The developmental programming hypothesis proposes that adverse conditions at periods of development may lead to adulthood disease. Overnutrition during early development can contribute to an increased risk of obesity, cardiovascular and metabolic disease in later life. The aim of the group is that work in this field will readily translate into improved interventional strategies to stem the growing epidemic of obesity and related disorders in future generations. Aside from genetically inherited disease risk, exposure to an imbalance of either nutrients or certain hormones, prior to conception and during critical periods of development can have permanent effects on physiological processes. Pregnancy and lactation are key developmental windows in human development and pregnancies complicated by poor maternal diet, obesity, or gestational diabetes for example, are associated not only with poor pregnancy outcome, but with an increase in risk of cardiovascular disease, obesity and diabetes in the infant both in childhood and as an adult.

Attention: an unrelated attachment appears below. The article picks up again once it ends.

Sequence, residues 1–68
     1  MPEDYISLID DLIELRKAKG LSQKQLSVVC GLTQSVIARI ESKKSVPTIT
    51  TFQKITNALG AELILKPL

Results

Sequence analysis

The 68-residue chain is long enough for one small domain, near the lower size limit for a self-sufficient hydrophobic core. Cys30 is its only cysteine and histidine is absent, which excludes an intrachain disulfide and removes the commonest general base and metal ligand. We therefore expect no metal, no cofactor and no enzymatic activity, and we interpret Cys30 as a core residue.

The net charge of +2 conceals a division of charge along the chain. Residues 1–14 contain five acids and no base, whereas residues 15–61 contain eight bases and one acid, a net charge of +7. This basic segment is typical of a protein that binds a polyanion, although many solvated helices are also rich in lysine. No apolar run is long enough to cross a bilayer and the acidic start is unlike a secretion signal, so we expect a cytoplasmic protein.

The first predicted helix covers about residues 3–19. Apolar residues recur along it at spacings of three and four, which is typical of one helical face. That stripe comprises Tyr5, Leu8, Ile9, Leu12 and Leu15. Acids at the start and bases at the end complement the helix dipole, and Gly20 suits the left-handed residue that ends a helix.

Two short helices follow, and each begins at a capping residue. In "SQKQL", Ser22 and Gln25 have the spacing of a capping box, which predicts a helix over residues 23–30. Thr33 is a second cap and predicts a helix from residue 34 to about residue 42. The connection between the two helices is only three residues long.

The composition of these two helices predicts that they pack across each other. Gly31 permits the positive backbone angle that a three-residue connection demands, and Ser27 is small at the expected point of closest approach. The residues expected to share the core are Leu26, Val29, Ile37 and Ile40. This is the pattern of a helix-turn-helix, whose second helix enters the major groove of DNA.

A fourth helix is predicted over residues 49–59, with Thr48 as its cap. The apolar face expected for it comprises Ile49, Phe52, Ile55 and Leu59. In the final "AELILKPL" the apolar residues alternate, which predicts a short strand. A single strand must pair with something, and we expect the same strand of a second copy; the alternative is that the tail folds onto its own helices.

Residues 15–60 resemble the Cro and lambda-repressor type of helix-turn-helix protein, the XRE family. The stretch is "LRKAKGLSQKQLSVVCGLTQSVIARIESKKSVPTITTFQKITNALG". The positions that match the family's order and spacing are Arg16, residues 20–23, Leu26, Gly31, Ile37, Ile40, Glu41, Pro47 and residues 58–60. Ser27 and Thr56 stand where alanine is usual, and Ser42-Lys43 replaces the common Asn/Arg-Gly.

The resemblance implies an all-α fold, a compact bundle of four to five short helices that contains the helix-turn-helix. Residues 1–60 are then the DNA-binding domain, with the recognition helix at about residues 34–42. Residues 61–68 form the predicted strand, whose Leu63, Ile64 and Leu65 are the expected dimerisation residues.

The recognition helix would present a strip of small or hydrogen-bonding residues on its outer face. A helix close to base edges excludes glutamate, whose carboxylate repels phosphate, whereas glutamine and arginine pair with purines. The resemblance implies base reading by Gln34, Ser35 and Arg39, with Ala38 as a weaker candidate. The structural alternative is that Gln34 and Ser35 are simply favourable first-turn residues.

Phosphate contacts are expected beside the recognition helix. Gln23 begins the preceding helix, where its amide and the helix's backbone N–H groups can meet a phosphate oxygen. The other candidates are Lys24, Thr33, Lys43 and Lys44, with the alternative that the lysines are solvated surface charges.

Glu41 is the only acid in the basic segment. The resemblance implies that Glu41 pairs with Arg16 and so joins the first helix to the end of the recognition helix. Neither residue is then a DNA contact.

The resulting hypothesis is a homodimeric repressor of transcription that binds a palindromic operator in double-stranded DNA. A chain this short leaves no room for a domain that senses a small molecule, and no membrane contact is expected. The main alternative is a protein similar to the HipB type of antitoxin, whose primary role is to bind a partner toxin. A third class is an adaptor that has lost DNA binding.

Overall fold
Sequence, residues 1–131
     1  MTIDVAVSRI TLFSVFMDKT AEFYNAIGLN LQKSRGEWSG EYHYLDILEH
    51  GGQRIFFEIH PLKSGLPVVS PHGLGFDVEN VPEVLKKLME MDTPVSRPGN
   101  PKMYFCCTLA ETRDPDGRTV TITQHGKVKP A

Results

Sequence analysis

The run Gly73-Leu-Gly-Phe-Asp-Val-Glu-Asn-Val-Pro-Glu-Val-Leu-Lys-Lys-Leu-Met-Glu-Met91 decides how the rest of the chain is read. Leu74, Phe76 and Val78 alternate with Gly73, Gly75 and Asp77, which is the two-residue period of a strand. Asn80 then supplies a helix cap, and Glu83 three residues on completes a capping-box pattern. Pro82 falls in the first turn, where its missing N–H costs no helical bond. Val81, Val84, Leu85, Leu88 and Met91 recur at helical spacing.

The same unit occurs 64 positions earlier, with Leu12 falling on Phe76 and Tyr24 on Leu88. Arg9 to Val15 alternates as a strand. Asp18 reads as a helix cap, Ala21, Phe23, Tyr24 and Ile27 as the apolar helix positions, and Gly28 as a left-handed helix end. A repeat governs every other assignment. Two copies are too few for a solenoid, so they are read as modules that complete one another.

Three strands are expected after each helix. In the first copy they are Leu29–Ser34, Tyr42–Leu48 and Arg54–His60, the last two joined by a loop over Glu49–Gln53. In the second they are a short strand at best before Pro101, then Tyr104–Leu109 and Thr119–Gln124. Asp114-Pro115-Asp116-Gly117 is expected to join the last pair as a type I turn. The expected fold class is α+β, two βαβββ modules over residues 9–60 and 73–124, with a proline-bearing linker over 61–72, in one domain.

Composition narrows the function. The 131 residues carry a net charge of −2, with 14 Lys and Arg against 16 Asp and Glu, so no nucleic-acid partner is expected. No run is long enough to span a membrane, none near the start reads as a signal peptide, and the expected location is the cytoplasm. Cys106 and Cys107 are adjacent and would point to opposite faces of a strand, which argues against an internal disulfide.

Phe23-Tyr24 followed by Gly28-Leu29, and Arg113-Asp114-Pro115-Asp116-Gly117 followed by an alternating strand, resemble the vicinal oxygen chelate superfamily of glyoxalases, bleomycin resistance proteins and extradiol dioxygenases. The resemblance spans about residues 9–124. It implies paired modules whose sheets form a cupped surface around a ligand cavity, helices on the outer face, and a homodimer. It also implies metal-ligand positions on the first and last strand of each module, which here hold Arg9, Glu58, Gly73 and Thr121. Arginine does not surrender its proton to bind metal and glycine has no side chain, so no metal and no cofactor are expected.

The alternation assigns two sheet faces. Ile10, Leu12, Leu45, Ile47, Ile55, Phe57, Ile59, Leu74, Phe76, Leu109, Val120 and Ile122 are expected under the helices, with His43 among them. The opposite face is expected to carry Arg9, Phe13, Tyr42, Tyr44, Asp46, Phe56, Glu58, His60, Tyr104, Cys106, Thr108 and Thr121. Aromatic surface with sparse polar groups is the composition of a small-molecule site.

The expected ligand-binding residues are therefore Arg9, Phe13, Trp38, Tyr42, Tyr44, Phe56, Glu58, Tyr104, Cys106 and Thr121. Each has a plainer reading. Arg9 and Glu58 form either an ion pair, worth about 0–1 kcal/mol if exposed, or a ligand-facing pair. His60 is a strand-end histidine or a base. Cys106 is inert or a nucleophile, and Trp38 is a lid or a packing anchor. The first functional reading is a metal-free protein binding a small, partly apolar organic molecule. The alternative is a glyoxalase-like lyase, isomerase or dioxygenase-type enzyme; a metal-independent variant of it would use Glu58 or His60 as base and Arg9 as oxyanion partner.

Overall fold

Animal models lend increasing support to the suggestion that obesity may have origins in early life and have proved invaluable. The group has developed a number of clinically relevant rodent models of obesity in pregnancy in which they have characterised several aspects of human metabolic syndrome in the resultant offspring. These robust experimental models unequivocally demonstrate that diet in pregnancy can alter the long-term characteristics of the offspring and provide insight into the mechanisms involved in human pregnancy.
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CONTACTS FOR FURTHER INFORMATION
Professor Lucilla Poston, Dr Paul Taylor, Dr Jane Howard, Prof Clive Coen
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